A frustrating four-day search-and-rescue operation for a small plane that crashed in a remote part of Antarctica has come to an end with the location of the wreckage site and the confirmation that all three crew members perished in the crash.
One the night of Jan. 23, New Zealand time, communication was lost with the de Havilland DHC-6 Twin Otter aircraft, which was running a supply mission from the Amundsen-Scott South Pole Station to an Italian research station on Terra Nova Bay under the auspices of the Italian National Agency for New Technologies, Energy and Sustainable Economic Development, according to the U.S. National Science Foundation, which runs the South Pole station.
The search-and-rescue operation, run by the Rescue Coordination Centre in Wellington, New Zealand, with cooperation from the United States and other countries, was hampered for days by bad weather and poor visibility, the National Science Foundation said.
Antarctica's fickle weather has hampered evacuation operations before, particularly in harsh winter conditions. Renee-Nicole Douceur, the manager of the Amundsen-Scott station, suffered a stroke in August 2011, but could not be evacuated for several months because of the danger of flying and landing in austral winter, when the continent sees 24 hours of darkness.
On Saturday afternoon (Jan. 26) local time, a ski-equipped LC-130 aircraft flew from the U.S.-run McMurdo station on the coast to the last known position transmitted from the Twin Otter's emergency beacon. Flying overhead, the search team spotted the plane's tail on a steep slope at an altitude of 13,000 feet (3,900 meters) on Mt. Elizabeth, a 14,500-foot (4,480 m) peak in the Queen Alexandra Range of the Transantarctic Mountains, the NSF said in a statement. The crash site was located about halfway between the South Pole station and McMurdo, according to the New Zealand search and rescue organization.
A later aerial survey of the wreckage site determined that fixed-wing aircraft would not be able to land there, so two helicopters landed at a small camp about 31 miles (50 kilometers) from the site to support the rescue operation.
An initial assessment by the owner of the plane, Kenn Borek Air Ltd. of Calgary, Canada, determined that the crash was "not survivable." It was later confirmed that the three crew members, all Canadians, were killed. The men's next of kin have been notified, the rescue organization said.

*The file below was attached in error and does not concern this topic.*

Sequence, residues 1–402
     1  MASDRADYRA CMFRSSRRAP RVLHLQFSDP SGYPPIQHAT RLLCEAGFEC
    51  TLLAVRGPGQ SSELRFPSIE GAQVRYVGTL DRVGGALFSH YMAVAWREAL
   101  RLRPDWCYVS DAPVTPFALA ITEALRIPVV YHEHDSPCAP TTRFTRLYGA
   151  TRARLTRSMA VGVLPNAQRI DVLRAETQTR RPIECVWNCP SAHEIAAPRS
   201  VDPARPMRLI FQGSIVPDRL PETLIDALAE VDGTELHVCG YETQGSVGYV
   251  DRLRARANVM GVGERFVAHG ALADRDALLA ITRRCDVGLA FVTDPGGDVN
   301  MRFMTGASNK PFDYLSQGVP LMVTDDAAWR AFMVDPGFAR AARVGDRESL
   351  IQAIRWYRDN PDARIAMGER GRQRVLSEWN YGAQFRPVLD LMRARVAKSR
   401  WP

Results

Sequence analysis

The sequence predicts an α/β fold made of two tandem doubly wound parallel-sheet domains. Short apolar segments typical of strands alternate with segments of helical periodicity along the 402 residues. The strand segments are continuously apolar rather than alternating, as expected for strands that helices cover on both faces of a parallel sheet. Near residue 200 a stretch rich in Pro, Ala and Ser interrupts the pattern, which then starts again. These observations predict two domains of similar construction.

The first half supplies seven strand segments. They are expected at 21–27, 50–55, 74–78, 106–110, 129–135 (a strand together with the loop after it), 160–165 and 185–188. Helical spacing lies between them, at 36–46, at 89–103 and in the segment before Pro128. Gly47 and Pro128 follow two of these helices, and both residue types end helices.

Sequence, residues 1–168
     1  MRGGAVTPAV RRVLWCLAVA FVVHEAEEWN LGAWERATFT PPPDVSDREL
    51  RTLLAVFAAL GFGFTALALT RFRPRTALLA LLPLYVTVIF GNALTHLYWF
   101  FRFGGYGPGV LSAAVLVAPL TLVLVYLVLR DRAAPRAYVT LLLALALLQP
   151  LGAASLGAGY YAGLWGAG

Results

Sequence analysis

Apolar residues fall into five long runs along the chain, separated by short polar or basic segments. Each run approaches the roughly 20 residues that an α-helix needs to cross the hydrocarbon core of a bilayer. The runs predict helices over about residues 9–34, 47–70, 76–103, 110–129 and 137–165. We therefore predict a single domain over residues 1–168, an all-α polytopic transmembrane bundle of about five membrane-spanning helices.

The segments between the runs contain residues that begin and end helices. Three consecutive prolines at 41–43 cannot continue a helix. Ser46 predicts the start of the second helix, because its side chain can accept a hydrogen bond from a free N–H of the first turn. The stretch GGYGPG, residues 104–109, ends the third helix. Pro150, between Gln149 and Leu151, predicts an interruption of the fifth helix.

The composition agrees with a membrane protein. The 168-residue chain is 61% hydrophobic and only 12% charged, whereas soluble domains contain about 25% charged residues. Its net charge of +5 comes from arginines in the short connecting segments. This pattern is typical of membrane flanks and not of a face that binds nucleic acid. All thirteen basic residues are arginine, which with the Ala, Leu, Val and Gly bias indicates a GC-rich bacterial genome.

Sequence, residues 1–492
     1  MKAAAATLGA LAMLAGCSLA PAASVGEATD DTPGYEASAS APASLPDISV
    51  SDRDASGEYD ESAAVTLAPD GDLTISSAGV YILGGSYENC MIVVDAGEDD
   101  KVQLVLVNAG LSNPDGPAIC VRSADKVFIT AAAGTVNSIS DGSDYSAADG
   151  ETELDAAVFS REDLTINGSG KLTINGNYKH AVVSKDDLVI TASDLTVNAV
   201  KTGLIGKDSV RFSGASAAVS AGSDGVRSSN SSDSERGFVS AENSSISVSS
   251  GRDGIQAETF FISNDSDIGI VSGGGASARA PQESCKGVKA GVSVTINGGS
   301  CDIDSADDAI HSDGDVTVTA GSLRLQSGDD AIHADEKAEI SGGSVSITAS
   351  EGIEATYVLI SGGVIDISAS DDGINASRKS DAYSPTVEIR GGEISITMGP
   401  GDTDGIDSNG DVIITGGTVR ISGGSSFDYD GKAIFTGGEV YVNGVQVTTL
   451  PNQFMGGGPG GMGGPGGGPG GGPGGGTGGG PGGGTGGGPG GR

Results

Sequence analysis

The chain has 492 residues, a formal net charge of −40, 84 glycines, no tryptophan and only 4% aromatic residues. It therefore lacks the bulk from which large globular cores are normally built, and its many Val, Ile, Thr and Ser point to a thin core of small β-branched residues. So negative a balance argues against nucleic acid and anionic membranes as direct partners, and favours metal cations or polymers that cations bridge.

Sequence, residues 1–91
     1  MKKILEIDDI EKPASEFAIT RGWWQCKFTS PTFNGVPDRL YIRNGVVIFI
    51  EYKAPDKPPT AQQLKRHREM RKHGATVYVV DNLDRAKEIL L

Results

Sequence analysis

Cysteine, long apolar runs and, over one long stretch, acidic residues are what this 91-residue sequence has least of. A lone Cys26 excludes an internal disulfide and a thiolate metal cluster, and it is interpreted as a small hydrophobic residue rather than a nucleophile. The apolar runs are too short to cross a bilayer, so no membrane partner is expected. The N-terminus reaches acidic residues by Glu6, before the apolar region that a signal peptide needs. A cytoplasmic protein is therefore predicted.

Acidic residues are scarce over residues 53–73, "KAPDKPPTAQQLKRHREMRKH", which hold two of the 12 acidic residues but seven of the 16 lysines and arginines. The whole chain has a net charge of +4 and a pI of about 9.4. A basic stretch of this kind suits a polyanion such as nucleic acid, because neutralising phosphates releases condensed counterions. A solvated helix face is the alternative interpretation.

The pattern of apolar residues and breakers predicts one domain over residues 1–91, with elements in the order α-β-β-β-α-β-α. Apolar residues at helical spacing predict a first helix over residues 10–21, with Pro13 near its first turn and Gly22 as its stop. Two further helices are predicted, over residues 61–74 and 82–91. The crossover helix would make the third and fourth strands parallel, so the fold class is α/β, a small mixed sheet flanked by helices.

"On behalf of the U.S. National Science Foundation and all in the U. S. Antarctic Program, I wish to extend our profound sympathies to the families, friends, and colleagues of the three Kenn Borek Twin Otter crew, whose deaths in Antarctica while en route to support the Italian national Antarctic science program have recently been confirmed," Kelly K. Falkner, director of NSF's Division of Polar Programs, said in a statement.
A memorial was held at the Amundsen-Scott station for the crew members.
An operation was launched today (Jan. 28) to recover the wreckage and the remains of the crew, but the team was called back after an examination of the site revealed the plane, embedded in snow and ice, was too dangerously situated to disturb. The team was able to recover the cockpit voice recorder, which authorities hope will shed light on the cause of the crash. The remains of the crew could not be recovered.
Any further attempt to recover the crew remains or further wreckage will have to wait until the beginning of the next Antarctic research season, in the austral spring and summer.
This story was provided by OurAmazingPlanet, a sister site to Live Science. Reach Andrea Thompson at firstname.lastname@example.org and follow her on twitter @AndreaTOAP. Follow OurAmazingPlanet on Twitter @OAPlanet. We're also on Facebook and Google+.
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Andrea Thompson is an associate editor at Scientific American, where she covers sustainability, energy and the environment. Prior to that, she was a senior writer covering climate science at Climate Central and a reporter and editor at Live Science, where she primarily covered Earth science and the environment. She holds a graduate degree in science health and environmental reporting from New York University, as well as a bachelor of science and and masters of science in atmospheric chemistry from the Georgia Institute of Technology.